Finally, It seems that lately I have not been able to find any cheerful news to write about, but in an effort to end this article on a bright note, I can claim that throughout history no two cases are exactly similar. So hopefully, Lebanon will not be subject to any internal strife...

Thursday, December 28, 2006

No way out!

Hezbollah and its allies are in a quandary. There is no way out of the dead-end, they lead Lebanon into. Nassrallah made the same mistake Israel did during the last war. He embarked on a war, promising unachievable goals and undermining his opposition!

I say war, because Nassrallah himself promised his supporters a victory, similar to the summer’s (sic) in their struggle with the government.

Nassrallah embarked on his power-grabbing crusade, after the UNIFIL and the Lebanese army pushed Hezbollah out of the south. The party of God turned on its fellow Lebanese and invested Down Town Beirut with its fighters.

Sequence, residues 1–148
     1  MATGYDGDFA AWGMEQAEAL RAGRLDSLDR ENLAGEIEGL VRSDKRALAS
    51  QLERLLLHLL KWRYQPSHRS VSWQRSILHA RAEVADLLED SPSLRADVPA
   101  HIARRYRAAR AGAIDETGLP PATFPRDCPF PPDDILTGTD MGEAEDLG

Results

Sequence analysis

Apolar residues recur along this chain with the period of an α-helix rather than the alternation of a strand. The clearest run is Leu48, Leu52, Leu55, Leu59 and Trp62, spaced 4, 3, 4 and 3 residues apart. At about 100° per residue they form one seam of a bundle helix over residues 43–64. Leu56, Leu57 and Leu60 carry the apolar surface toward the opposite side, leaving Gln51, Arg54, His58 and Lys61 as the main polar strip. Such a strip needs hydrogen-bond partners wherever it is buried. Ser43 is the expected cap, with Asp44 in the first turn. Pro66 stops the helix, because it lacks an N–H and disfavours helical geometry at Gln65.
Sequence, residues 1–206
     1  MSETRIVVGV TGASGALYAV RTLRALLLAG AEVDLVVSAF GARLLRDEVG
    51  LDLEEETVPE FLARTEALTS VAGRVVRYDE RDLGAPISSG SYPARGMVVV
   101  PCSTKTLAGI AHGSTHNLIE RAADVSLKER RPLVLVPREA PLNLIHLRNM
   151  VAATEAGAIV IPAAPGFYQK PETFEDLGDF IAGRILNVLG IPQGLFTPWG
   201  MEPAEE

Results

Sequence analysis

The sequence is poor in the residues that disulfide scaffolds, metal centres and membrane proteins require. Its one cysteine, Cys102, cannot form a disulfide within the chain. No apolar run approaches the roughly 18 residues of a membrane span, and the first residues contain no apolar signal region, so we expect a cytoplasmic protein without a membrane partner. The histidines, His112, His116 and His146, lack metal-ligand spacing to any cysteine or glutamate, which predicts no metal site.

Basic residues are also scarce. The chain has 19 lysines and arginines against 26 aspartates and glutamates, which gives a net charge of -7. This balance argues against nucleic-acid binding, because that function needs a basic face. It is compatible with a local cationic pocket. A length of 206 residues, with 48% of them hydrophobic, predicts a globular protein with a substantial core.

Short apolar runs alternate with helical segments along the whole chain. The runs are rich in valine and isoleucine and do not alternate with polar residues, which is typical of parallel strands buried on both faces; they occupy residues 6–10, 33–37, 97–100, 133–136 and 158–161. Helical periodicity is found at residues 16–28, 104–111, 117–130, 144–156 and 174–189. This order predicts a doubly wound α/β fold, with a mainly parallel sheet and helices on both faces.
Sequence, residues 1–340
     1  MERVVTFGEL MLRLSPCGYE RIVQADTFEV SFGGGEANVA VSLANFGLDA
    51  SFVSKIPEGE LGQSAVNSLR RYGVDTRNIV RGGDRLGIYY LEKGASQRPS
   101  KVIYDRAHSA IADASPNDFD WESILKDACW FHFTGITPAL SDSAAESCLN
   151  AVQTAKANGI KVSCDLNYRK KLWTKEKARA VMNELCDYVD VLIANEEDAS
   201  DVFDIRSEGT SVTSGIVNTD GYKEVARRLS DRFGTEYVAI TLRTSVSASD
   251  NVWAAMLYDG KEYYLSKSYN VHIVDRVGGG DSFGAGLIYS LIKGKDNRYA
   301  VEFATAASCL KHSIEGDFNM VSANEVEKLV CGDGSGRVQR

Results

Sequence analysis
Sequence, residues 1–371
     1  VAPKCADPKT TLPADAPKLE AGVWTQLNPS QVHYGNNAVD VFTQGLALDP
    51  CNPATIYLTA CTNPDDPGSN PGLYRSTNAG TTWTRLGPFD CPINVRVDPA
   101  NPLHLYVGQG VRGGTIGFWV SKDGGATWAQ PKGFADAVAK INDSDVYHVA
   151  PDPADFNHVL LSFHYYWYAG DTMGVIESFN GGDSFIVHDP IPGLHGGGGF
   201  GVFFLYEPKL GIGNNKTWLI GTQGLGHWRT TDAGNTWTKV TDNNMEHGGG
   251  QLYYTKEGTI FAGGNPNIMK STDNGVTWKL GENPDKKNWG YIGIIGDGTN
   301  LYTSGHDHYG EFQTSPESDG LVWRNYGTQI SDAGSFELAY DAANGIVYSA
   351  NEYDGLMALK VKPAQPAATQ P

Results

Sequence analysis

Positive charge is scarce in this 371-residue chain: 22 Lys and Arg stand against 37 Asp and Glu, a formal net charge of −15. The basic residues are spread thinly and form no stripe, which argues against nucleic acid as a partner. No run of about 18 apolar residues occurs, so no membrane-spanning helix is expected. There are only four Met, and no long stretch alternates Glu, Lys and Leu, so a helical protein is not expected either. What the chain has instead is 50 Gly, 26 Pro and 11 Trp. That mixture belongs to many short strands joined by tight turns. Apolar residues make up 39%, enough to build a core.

Today, the same men who fought Israel during the summer are now deployed in the squares of Down Town Beirut, organizing, leading and policing the sit-ins (check out my previous blog on how Hezbollah impose its own order in Down Town)

However, they are stuck, rendered immobile and impotent, because invading the Saray (the government’s palace) proved to be impossible, and massive demonstration and constant rallies proved to be futile. With Nassrallah promise hanging over all his decision, there is no way out for Hezbollah, but to further escalate the situation.

Many commentators are alluding to Hezbollah’s next actions, like closing roads, blocking the airport and embarking on a campaign of civil disobedience. All dangerous and futile alternatives, which will only complicated the situation rather than solve it.

But amidst all this, a single fact may still play in Nassrallah’s favor, but not for long. He still has the total and undoubting obedience of his followers. So, in theory, he can convince his followers that any compromise he reaches is a victory. Just like what he did in the summer war against Israel.